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Op-ed: We now collect enough internet sales taxes to cut the tax rate

By Jonathan Johnson, Chairman of the Board of Overstock.com

Utah’s Gov. Gary Herbert and other internet tax proponents proclaim Utah’s uncollected e-commerce sales tax has reached $200 million a year. It’s a large number. And it’s largely wrong.

Supposedly, the shortfall results from out-of-state e-commerce retailers not collecting Utah sales taxes. But is $200 million the number right? It doesn’t seem to add up.

Here’s a back-of-the-envelope calculation of all 2016 e-commerce sales taxes due in Utah:

• The 2016 total U.S. retail e-commerce is $392 billion (estimates from Internet Retailer and eMarketer).

• Utah’s e-commerce visit share is 0.84 percent, based on the assumption e-commerce sales are proportionate to visits (Source: Hitwise and Connexity); coincidentally, that figure approximates Utah’s population proportion of about 0.9 percent.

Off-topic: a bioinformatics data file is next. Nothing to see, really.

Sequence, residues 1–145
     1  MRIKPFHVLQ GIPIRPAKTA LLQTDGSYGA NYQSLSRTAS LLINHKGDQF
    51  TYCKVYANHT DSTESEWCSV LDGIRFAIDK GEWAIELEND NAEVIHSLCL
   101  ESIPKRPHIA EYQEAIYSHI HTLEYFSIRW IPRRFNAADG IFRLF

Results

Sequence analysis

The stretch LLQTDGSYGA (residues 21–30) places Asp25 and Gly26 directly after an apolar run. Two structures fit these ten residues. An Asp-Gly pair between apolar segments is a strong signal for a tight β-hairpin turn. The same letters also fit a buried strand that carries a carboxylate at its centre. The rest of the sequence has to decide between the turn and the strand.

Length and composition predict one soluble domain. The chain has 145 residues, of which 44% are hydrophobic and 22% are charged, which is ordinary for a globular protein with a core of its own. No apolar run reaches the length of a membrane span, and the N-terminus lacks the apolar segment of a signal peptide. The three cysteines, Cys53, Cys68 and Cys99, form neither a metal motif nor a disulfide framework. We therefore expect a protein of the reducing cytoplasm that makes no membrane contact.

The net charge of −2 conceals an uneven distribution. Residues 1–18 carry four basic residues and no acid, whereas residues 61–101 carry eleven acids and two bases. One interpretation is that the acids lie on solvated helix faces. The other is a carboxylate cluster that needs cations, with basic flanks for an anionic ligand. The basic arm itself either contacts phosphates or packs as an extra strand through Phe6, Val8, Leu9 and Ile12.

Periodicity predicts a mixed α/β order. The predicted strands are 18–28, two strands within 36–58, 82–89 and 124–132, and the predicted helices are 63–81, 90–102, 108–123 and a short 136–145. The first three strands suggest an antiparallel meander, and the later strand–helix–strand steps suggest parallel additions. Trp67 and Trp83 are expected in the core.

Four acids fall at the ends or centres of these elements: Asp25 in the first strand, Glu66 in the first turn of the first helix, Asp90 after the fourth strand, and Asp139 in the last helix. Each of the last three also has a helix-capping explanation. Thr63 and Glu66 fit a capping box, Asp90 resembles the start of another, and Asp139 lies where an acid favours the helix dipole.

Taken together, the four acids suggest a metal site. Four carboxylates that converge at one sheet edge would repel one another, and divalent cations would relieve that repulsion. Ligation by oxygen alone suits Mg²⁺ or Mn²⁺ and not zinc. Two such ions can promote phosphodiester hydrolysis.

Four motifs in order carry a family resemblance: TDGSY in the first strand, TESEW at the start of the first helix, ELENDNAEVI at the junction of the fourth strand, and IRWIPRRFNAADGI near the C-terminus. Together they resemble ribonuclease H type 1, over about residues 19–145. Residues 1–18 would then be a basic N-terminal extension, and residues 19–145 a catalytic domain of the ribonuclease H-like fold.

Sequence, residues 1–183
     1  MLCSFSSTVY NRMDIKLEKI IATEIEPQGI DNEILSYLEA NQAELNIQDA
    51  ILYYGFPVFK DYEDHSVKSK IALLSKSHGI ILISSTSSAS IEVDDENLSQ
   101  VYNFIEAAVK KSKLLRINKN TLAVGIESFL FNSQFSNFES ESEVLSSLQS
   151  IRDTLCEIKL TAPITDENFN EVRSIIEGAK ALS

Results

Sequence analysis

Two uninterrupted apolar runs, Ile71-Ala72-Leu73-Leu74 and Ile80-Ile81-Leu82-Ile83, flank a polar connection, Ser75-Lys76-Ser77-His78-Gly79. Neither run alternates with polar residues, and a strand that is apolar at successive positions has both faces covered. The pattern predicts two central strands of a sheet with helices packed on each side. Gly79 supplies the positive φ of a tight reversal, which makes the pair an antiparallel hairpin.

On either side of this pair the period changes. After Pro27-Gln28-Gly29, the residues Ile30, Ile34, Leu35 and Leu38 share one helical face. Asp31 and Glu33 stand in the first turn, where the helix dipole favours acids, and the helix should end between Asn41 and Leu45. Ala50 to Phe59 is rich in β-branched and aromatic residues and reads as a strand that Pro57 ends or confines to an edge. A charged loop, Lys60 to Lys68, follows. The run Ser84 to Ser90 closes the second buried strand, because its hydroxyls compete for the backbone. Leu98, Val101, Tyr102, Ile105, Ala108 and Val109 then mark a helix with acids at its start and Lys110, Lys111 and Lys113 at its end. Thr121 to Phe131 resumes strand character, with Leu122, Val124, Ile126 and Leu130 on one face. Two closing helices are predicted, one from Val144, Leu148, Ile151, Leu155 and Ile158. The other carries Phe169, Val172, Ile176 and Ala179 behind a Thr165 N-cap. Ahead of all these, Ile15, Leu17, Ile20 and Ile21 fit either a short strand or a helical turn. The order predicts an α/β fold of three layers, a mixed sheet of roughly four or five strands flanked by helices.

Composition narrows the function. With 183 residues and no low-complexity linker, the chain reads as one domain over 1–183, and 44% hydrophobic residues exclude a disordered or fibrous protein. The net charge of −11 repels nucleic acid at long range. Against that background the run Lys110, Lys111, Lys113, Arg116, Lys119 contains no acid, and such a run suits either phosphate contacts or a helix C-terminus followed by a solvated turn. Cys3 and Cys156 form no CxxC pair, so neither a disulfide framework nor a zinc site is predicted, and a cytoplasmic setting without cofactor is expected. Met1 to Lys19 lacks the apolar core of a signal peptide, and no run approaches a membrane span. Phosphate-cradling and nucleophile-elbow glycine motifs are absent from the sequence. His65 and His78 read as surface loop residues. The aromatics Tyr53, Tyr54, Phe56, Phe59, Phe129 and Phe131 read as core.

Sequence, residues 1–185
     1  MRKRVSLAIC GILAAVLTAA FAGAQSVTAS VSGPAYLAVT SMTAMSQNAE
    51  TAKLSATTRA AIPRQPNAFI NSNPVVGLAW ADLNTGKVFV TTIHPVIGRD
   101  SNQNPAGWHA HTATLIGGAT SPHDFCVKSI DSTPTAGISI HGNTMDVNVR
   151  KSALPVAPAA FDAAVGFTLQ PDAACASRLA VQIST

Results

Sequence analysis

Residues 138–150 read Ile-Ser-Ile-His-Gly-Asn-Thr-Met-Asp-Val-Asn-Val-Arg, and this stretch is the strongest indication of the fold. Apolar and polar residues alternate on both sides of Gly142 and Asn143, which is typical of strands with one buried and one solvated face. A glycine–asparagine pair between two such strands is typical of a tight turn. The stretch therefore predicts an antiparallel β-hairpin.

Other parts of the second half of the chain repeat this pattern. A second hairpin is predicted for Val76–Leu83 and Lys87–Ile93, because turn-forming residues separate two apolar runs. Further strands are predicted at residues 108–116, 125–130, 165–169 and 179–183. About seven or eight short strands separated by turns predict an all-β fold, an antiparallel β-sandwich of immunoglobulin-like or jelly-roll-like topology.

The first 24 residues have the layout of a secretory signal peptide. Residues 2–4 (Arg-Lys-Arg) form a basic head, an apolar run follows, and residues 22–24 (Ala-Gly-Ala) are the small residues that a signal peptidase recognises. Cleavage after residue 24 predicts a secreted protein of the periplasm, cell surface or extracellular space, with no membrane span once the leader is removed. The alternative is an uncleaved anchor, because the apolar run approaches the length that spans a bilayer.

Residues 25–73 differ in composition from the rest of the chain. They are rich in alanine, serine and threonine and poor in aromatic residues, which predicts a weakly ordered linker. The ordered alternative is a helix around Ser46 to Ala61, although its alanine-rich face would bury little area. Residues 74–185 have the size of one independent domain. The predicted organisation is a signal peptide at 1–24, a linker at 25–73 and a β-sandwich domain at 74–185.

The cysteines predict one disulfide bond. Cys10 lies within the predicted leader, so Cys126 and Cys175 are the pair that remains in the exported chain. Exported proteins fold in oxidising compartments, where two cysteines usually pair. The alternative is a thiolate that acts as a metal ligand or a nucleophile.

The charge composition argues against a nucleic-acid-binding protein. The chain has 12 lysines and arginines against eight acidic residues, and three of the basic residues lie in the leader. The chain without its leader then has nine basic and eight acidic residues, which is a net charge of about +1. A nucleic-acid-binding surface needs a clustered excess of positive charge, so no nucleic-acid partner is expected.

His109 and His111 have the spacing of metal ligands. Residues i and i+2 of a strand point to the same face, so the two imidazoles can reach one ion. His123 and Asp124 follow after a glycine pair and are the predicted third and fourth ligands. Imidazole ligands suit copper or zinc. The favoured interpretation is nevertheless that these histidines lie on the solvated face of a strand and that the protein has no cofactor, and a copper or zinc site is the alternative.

• The average Utah sales tax rate is 6.53 percent (https://www.salestaxhandbook.com/utah).

• Therefore, Utah’s total e-commerce sales tax due — collected or not — would be $215 million: ($392 billion x .0084) x 0.0653 = $215 million.

If this calculation is correct, then either Utah is not collecting more than 90 percent of its e-commerce sales taxes, or the governor’s $200 million figure is wrong

READ MORE at Salt Lake Tribune

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